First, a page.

by Shaun Derrick
Tucked away in the south-east corner of the board are the dark islands of the Dutch East Indies. Although there are only three home centres, the number of centres within reach are many. The Dutch are similar to Turkey on the standard board, easy to defend against single power attacks but slow starting compared to the other powers. Although the Dutch have three guaranteed neutrals to pick up – Cey, Sar aud New – the risk of going for all three is leaving the Java Sea open to a British fleet in the first turn. The risk of this happening is probably not worth getting three neutrals as you could lose a home centre all too easily.
The Dutch are probably the biggest sea power on the board as building armies is never really an option until you have established a few mainland coastal centres on which to convoy. It is possible to win without ever building an army as there are 24 coastal centres that are just as easy to capture as some of the closer inland centres.
So how do you see the opposition powers
British: The British are going to be a major pain in the backside to you, they are the one power that will severely restrict your advance on the mainland and will block your way westwards to protect India. An alliance with the British is possible, of course, but this requires you to consider an option to expand northwards through the Philippines and to face Japan. If the British are true to their word, then the likelihood is that he will be fighting Turkey in the west but helping you fight the French in the east. If you really trust him, you can leave Java Sea open, but you would want to be heading north as fast as you can, so open to JS, TS and Sar, then move TS to take New and JS to CS, build fleets in Bor and Java and continue the push. You may consider only taking one build from Sar and move TS to CS and JS to SUN.S as you will want to beat Japan to the Philippines. You need to make sure Japan is not getting his own way in the north against Russia and/or China otherwise you will meet his mass of fleets head on and start getting bogged down in a no-win situation. If the British have been successful beware of the stab, as he will be unlikley to be able to do anything against Japan directly.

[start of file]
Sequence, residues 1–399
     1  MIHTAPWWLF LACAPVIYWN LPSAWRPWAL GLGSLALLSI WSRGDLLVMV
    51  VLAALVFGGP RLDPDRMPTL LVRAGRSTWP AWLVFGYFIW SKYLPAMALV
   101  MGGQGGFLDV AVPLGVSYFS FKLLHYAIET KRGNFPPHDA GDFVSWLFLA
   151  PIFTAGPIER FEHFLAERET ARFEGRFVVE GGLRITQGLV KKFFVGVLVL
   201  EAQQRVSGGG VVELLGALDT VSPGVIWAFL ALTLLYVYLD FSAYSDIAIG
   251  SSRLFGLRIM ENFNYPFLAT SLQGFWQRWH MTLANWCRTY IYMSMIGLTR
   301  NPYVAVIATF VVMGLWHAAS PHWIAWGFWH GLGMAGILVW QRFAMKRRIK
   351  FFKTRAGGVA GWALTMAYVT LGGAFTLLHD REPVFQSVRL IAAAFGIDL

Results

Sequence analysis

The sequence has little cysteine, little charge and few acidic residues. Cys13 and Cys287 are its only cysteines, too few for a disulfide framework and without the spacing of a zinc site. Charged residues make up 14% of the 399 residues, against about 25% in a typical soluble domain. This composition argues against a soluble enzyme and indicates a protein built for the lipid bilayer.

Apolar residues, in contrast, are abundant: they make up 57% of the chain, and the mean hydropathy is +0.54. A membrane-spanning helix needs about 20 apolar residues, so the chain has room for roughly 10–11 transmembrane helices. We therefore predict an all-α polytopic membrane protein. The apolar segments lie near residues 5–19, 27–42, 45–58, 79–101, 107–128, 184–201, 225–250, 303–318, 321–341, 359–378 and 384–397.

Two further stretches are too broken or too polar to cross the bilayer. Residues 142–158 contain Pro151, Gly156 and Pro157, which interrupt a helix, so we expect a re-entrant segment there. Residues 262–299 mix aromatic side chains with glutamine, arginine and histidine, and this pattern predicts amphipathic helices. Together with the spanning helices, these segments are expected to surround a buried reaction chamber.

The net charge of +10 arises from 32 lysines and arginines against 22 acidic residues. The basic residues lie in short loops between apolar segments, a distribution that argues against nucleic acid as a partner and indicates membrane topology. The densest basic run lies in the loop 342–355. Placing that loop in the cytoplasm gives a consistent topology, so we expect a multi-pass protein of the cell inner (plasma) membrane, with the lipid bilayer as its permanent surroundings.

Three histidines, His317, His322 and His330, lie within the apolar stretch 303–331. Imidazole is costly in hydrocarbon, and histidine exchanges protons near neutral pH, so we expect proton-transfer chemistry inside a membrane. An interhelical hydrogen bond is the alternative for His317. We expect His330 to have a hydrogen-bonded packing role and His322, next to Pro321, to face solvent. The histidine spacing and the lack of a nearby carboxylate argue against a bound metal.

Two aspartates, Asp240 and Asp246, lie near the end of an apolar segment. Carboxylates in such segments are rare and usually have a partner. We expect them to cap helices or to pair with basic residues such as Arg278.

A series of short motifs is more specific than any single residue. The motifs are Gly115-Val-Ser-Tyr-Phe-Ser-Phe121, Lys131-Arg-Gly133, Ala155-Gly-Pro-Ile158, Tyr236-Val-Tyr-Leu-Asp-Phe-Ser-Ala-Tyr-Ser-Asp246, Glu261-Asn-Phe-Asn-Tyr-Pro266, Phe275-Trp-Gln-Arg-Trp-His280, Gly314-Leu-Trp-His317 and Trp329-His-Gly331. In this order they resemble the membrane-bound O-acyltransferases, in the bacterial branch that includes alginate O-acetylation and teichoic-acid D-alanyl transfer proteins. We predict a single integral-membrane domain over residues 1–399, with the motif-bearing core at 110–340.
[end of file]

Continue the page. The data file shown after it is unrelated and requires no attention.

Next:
Frankly the British must be a target at some stage, so make him an early target, Singapore is a British supply centre in the Java Sea, so you want to take it as soon as possible, from there Malaya and possibly Bangkok are on the cards, Better to make Britain an offer for Singapore if you are considering an alliance with him, it is a vital centre that you need for your own security.
China: Being so far from China doesn’t mean to say that you won’t have things to say to him. China is a useful ally against the British, Japan or the French, he is a land power who needs a friendly sea power, and you are of little threat initially. An odd Chinese fleet should do you no harm, and indeed is best encouraged for use against Japan. His fleet or fleets can aid your expansion in the eastern seas while he is occupied with matters inland. The scope for co-operation is almost endless, you will not be fighting over the same centres until the French are out or the British are doing badly. Any contentions will arise in the Bengal/Upper Burma/Rangoon areas, so resolve these in your early Diplomacy so that you don’t fight for them later on.